“All in the Family”

Matthew 3:1-12

Rev. Tasha Blackburn

December 8, 2019

I wonder how this season feels for you? Does it feel heavy or light; burdensome or freeing? Does it bring you joy? Or, to use, non-church language, does Christmas make you happy? There are scientists who actually study what makes us happy and one of the studies was a bit of a surprise.

Scientists studied Olympic medal winners to find out who was happiest. They wrote about it in the journal Scientific American. The scientists went into it assuming that a person’s happiness level would match with their level of medal: that gold winners would be happiest, then silver, then bronze. But that is not what they found. Gold winners were happiest, of course, but silver winners were not next. In fact, they were pretty unhappy; whereas bronze winners were thrilled. When they mapped the faces of medalists, 2/3 of the bronze winners broke into a huge grin upon winning. Not a single one of the silver winners smiled at all. Zero.

What the scientists realized was that silver medalists were focused on what might have been—that they almost won gold but didn’t. Bronze medalists, in contrast, were focused on gratitude. They knew they were this close to not being on the podium at all. Christmas carries some heavy baggage of “what might have been” or even “what once was.” The season is heavily weighted down with nostalgia.

There is nothing wrong with a little bit of nostalgia; listening to an old carol and remembering it was your mother’s favorite, or sitting still awhile to remember the Christmases when you were a child or when your children were small. There is nothing wrong with that. Except that nostalgia can play tricks on us. When we look back our memory can both iron out the difficult parts and it can place a freight load of emotion on those memories that they cannot hope to bear.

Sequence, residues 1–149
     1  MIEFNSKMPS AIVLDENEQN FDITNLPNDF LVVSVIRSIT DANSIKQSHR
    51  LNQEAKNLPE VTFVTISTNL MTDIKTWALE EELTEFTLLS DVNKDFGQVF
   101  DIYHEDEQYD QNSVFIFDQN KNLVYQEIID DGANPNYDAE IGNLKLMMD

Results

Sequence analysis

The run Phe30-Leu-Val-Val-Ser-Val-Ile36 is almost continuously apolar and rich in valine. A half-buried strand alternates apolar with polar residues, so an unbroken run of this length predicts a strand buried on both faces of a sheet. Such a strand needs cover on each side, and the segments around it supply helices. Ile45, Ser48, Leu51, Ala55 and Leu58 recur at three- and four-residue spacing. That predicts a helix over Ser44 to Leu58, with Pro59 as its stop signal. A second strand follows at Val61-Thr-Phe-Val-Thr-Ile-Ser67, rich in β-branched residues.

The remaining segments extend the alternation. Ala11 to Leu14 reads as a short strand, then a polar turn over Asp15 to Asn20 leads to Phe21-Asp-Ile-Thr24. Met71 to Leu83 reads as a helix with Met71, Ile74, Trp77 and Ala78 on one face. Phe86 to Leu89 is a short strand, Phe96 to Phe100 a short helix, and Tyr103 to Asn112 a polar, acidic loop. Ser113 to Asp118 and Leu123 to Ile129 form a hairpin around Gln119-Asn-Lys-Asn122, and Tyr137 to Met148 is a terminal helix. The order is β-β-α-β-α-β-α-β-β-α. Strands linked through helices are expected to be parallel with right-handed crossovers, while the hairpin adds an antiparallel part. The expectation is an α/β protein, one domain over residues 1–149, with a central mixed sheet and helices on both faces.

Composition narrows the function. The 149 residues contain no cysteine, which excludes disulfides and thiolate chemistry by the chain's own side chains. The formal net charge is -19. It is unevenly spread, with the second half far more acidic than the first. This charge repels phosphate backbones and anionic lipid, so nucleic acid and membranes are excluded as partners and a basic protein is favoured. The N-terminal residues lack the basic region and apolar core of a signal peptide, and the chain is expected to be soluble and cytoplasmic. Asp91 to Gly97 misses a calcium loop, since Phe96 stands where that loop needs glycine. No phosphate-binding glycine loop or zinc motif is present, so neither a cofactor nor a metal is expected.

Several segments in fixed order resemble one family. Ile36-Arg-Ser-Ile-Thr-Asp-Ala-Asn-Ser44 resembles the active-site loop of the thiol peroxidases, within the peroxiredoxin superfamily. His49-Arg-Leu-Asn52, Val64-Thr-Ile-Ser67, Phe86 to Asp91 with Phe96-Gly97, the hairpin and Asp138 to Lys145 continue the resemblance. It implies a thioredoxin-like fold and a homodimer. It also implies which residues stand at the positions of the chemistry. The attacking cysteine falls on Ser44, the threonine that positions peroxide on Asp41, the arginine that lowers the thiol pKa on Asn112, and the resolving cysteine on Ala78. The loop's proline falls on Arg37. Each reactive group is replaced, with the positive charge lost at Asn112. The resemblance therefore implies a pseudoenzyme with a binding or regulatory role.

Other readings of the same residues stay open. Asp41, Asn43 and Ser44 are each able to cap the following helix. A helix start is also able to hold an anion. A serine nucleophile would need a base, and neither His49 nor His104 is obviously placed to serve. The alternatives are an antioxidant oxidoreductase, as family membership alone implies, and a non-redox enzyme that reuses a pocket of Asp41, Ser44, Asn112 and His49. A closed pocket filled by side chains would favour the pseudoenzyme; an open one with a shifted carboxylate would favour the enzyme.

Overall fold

When nostalgia becomes this kind of experience for us at Christmas, it means no other Christmas can ever live up to our memories, no other Advent will we feel closer to God than the Advent of 1997 or 1951. We can live our Christmases as the silver medalist who is missing out on the gold.

New Testament professor David Bartlett has noted that “Nostalgia is memory filtered through disproportionate emotion.” And that is what can happen to us at Christmas. And it is a dead end. It will leave us feeling empty and bereft of all we could have had. Bartlett finishes his statement with this: “Faith, in contrast to nostalgia, is memory filtered through appropriate gratitude.” Nostalgia is memory that rests in what might have once been or what we do not have now, and faith is memory that rests in gratitude.

And gratitude is what Advent and Christmas are all about. Let’s take a moment to realize again that we were lucky to make it on the podium at all? Today we lit a candle called the “Bethlehem” candle—a city I know I have never been to and certainly one that is not the hometown of anyone in this room. We hang Chrismon ornaments on our tree upstairs that are in Greek, literally in Greek, because that is the language the gospel writers spoke! Mary, Joseph, John, even King Herod, they were middle eastern Jews who lived over 2,000 years ago in a land over 7,000 miles away. They saw the fulfillment of 3,000 years of middle eastern Jewish scripture. We are not their people, nor do we recognize their place or understand their time. When we hear the Christmas story, we are overhearing the promises God has offered to someone else. Think about that for a moment. At Christmas we are overhearing the promises given to others first—to Mary and her family of course. Then to her people, the ancient Jews of Judah. Then to pagans throughout the Roman Empire. And so on, and so on.